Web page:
So you’ve just met someone new! Think of all the awesome possibilities ahead - and it all starts with that first conversation… yikes.

We get it, speaking to someone new can be intimidating. Saying “hi” and introducing yourself is no problem, but after that? What do you talk about? How do you keep the conversation going? What about the awkward silences? Be it a friend of a friend, someone you met online, a new coworker, or the waiter at your local cafe, there are some things that can help you navigate talking to someone you don’t know and getting past the awkwardness of first-time talks.

The Start

Starting from the beginning: introduce yourself (if it makes sense for that particular situation). There is no need to pressure yourself to be witty or funny or interesting, just be genuine. If you’re nervous, try to remember not to speak too quickly and be clear with your words. This moment will set the tone for the rest of the conversation so be open and friendly, and make sure to smile.

There’s no need for an “elaborate plan” when starting a conversation, but it’s good to be clear about your goal from the get-go and help the other person understand what your goal is when introducing conversation. Vague statements are confusing and lead to awkward moments.

While talking about the weather may feel boring and cliché, it acts as a great icebreaker because it’s something anyonecan easily comment on. Actually, mentioning anything about your surroundings can easily save you if you can’t think of anything else to talk about.

Here are some ideas to open conversation by commenting your surroundings: ”I love your outfit! Where did you get it?” ”How awesome is this summer day in the middle of October?” ”Oofff, I’m dead. Is the teacher always this tough or was today’s class extra hard?”

Another great way to start a conversation is to ask for information. “Do you know when’s the next bus?” “Can you help me find the way to x room?” “Is there any coffee you would recommend?”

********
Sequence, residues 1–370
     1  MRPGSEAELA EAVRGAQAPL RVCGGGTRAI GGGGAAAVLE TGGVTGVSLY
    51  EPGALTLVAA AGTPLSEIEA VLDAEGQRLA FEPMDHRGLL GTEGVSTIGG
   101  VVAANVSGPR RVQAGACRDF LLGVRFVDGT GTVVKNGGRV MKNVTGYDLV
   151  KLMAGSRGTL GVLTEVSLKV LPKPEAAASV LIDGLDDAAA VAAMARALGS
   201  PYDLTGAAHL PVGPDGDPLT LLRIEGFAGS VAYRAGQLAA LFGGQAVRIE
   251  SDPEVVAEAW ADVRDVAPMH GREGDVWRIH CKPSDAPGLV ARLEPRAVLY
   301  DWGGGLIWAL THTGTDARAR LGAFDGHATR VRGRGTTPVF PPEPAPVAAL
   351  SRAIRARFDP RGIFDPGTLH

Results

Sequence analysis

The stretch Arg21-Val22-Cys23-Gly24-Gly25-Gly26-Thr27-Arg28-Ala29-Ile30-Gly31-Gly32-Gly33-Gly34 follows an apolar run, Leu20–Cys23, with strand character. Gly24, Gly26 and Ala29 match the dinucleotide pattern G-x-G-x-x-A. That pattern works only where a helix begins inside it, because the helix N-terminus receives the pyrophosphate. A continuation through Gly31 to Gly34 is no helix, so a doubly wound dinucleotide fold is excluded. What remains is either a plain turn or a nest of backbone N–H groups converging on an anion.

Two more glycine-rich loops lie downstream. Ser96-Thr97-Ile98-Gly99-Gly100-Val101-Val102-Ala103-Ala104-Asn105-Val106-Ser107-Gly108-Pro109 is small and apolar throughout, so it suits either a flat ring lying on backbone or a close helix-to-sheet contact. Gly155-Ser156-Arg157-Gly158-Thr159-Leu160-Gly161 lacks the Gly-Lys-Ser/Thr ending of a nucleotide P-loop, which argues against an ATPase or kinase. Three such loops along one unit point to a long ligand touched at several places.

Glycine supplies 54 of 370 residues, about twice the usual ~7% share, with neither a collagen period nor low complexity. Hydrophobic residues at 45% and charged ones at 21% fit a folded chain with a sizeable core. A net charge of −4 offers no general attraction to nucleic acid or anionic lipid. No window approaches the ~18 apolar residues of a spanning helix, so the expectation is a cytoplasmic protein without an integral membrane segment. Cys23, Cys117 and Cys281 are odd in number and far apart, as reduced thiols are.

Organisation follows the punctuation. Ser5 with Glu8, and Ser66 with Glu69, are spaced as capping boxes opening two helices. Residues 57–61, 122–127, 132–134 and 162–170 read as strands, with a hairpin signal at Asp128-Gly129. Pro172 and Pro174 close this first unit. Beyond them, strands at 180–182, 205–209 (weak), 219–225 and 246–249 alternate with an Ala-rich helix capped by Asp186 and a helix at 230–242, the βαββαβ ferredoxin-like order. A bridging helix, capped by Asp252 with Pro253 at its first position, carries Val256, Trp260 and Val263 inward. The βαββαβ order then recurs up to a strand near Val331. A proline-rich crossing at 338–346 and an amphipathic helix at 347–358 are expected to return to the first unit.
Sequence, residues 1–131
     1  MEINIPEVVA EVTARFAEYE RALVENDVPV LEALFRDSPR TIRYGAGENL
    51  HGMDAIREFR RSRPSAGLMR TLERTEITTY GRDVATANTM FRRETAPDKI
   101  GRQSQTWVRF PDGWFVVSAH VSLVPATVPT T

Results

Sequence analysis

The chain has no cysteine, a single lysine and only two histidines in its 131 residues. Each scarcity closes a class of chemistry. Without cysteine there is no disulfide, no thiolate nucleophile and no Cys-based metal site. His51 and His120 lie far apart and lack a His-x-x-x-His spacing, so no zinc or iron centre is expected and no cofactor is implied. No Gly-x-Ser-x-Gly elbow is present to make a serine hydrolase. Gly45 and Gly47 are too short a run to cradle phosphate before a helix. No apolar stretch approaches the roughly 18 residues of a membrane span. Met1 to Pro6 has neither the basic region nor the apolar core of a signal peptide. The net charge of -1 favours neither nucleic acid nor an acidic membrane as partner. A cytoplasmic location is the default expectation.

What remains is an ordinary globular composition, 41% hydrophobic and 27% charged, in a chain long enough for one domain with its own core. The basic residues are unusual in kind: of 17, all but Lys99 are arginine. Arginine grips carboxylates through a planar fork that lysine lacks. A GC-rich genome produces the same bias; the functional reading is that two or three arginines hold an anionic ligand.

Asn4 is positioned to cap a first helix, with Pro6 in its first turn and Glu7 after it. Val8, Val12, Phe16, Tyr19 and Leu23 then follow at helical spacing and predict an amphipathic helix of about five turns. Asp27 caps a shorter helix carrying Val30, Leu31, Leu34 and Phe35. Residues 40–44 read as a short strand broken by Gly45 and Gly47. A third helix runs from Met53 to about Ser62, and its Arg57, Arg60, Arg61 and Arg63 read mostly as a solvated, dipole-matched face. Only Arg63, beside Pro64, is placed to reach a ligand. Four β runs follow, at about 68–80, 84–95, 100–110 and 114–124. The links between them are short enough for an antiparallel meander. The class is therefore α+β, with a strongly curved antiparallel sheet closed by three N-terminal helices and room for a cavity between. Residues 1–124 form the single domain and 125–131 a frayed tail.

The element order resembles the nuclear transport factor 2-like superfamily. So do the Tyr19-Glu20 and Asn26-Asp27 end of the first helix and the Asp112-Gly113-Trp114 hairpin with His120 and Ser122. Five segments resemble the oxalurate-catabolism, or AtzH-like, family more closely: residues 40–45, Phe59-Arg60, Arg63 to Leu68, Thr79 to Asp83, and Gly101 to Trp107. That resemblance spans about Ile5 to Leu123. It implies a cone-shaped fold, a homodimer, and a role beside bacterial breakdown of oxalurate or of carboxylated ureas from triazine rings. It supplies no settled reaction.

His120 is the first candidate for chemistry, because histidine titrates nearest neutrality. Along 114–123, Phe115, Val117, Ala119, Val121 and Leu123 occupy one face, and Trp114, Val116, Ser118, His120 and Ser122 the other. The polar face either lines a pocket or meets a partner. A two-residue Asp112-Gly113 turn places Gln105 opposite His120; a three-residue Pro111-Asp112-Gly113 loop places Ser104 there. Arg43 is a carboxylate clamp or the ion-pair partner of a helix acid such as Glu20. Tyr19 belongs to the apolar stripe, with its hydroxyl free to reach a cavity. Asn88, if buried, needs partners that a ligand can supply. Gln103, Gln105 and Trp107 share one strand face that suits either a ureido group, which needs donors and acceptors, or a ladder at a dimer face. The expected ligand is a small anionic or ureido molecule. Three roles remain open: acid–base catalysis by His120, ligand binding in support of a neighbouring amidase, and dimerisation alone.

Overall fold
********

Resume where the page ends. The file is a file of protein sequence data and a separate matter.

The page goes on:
Avoid any topic that is controversial or too personal, this is not the time to introduce it and it may cause the other person to feel uncomfortable about continuing the conversation.

The Middle

After the ice is broken and the conversation is going, you can introduce more personal topics and start asking questions. Well-measured curiosity is a great way to show interest and get the other person engaged in the conversation. This can be anything from their favorite gym class, their current school project, or their pet. People like to talka bout the things that are most important to them and showing you’re interested in this also shows you care.

Using questions that start with “how”, “what” or “why” can help you follow up on previous comments and make the conversation flow. Because they momentarily focus the attention on the other person, they can also help you cope with the nervousness of a first talk, giving you somenon-talking time to just listen and breathe.

When you give someone the opportunity to talk more, you’re increasing the chances of them connecting and opening up to you. If you’re a naturally curious person, it’ll also be super easy and satisfying to listen to the other person and keep the questions coming.

Questions are also a great way to find things in common, which will lead you to a true exchange - you talk, they talk and you’re able to talk back again because you’re familiar and interested in the topic.

The End

All good things come to an end, even great first-time conversations. It’s important to know when to wrap up a conversation and not get stuck at a point where both people are awkwardly looking at each other without having much to add.

There’s no need to make up a lie about having to go to the bathroom or being late to meet your mom - most likely, when you realize the conversation is over, so does the other person. Just let them know it’s time for you to go on your way and that you appreciate their time and the conversation. If it’s the case, invite them to talk or meet again in the future.

You can say things like “Well, I’d better get back to…”, “Well, I’ll let you get back to…”, “I should get going. It was nice talking to you”, “It was great seeing you. Let’s talk again soon!”.

While talking to someone new can be a bit intimidating, it doesn’t need to feel like rocket science. Relax into it, use the tools you already have and be curious!

Questions will be your best tool to make a first-time conversation flow.

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